Standing on top of a creaking stack of Might and Magic games, Heroes of Might and Magic V hoists the entire strategy franchise straight overhead. Previously a simple 2D isometric game, this lavishly produced sequel drenches the series in three-dimensional splendor, while remaining faithful to the turn-based gameplay that spawned it.
The lion's share of the game consists of six intertwined single-player campaigns that highlight the six factions - each lasting scores of hours. As the title would suggest, you'll command a Hero and his army, building the power of each during battles with marvelously animated creatures and other powerful Heroes.
The battles take place on a chess-board grid, with armies lining up on either side to take turns clanking swords and slinging spells. The firing order is kept neat and clean by a handy indicator towards the bottom of your screen, letting you know just who gets to swash his buckle next. You'll also need to navigate obstacles on the battlefield, and strike from just the right angle. Further layering on strategy are ranged attacks, area-effect spells and brutal counterstrikes; you'll need to plan your attack order very carefully.
But take as much time as you need - this is a turn-based adventure, so folks will politely wait until it's their turn to stab you in the face with a pitchfork or send a magic missile sizzling toward your special place. Heroes themselves are outside the battle arena, but make powerful cameos. They'll hurl spells and swoop in for special attacks - eventually performing a staggering amount of different feats by the end of each campaign. Best of all, each bit of combat has an impressive mini cutscene. We often caught ourselves swinging our arms in the air in anticipation as creatures clashed (no one saw that, right?).
In between battles, you'll gather power, magic and treasure in the Adventure mode. But the world is littered with vengeful enemies like demonic Horned Overseers, undead Wights, and nearly unstoppable Academy Mages. These walking nightmares also guard over the most powerful artifacts and spells - everything a growing Hero needs - so you'll need to strengthen your army and defeat them if you are to survive.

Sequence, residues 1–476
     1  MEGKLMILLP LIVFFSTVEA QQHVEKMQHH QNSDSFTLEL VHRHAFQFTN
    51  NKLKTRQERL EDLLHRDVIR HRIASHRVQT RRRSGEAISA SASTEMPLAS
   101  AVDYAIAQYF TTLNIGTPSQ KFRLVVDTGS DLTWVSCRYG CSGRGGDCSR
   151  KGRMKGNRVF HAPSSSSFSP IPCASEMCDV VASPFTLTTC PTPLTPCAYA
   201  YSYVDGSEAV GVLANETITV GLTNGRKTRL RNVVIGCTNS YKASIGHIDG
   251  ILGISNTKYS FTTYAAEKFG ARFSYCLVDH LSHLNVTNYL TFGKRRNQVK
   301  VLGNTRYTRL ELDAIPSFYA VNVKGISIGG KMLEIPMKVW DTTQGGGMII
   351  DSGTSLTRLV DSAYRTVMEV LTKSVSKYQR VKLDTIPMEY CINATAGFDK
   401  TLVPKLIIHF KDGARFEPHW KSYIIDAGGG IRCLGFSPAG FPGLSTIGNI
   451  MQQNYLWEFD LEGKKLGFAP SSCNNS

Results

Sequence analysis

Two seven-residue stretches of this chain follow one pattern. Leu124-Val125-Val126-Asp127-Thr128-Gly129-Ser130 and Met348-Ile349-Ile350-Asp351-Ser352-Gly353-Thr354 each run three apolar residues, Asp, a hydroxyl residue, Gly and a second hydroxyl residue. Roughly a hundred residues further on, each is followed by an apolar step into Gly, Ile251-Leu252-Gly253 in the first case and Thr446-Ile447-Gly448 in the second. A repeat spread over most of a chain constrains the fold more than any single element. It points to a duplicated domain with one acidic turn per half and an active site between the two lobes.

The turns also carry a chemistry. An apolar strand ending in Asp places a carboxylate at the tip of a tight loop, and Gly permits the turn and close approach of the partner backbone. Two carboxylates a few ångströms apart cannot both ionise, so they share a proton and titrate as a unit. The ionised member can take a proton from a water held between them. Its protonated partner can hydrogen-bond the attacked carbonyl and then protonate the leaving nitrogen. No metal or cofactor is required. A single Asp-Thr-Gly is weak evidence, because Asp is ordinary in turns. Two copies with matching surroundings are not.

The Adventure mode is turn-based as well, but as alive and awash in motion as any action game. Finely detailed trees sway in the breezy countryside, oceans churn angrily and lava belches forth from magma-filled crags. Each campaign also receives an extremely stirring orchestral soundtrack that sticks in your head much longer than the cheddar-riffic dialogue does (thankfully).
If you discover and capture a city in the Adventure mode, you can build up its castle. As you add towers and structures to the castle, you'll gain access to ever more powerful creatures, and the ability to hire additional Heroes. Every new structure and building morphs onto the castle itself, and eventually transforms it into a majestic and towering monolith. Each faction has a wildly different style, and flying around fully decked-out castles are the coolest, most wallpaper-worthy moments in the game.
Fans of the series will welcome the returning favorite multiplayer modes like the Hotseat and Ghost battles. Hotseat allows two players' armies to duke it out on a single computer by taking turns. Ghost mode keeps players busy even when they are waiting for their opponent to move - by attacking them with "ghosts" and meddling with enemy movement and spells. New players will get sucked into the Heroes world with the easygoing Duel Mode, which hands each side a pre-packaged army and a powered-up Hero for quick one-vs-one online battles.
We had better luck playing multiplayer over a local area network (LAN) than we did online, however. Different versions and a buggy interface plagued multiplayer at launch, but an early patch is planned. This didn't bother us much; we are still trying to claw ourselves out from under the mountain of single-player content.
It's been a long couple of years since the last Heroes installment - and a worrisome transformation into the third dimension. The long wait is now over: our gaping mouths declared it officially worth it after seeing the startlingly gorgeous Heroes world. If you are just looking for a summer fling, be warned: Heroes has enough depth and sheer gameplay hours to wrap you around its finger for years. For fans of the Might and Magic series and turn-based strategy aficionados alike, Heroes V can't be missed.